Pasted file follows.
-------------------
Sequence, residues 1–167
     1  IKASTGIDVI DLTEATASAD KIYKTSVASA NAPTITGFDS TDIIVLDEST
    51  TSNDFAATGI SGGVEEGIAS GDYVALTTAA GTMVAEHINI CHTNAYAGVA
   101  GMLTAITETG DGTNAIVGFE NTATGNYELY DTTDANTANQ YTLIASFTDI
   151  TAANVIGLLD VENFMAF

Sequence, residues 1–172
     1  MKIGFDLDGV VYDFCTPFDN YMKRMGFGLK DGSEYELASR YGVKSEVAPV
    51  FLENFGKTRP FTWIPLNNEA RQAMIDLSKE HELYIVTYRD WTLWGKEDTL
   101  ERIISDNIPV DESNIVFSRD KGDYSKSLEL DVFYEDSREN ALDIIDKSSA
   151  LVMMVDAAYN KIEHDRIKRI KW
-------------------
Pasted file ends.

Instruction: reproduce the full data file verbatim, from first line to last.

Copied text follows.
Sequence, residues 1–167
     1  IKASTGIDVI DLTEATASAD KIYKTSVASA NAPTITGFDS TDIIVLDEST
    51  TSNDFAATGI SGGVEEGIAS GDYVALTTAA GTMVAEHINI CHTNAYAGVA
   101  GMLTAITETG DGTNAIVGFE NTATGNYELY DTTDANTANQ YTLIASFTDI
   151  TAANVIGLLD VENFMAF

Sequence, residues 1–172
     1  MKIGFDLDGV VYDFCTPFDN YMKRMGFGLK DGSEYELASR YGVKSEVAPV
    51  FLENFGKTRP FTWIPLNNEA RQAMIDLSKE HELYIVTYRD WTLWGKEDTL
   101  ERIISDNIPV DESNIVFSRD KGDYSKSLEL DVFYEDSREN ALDIIDKSSA
   151  LVMMVDAAYN KIEHDRIKRI KW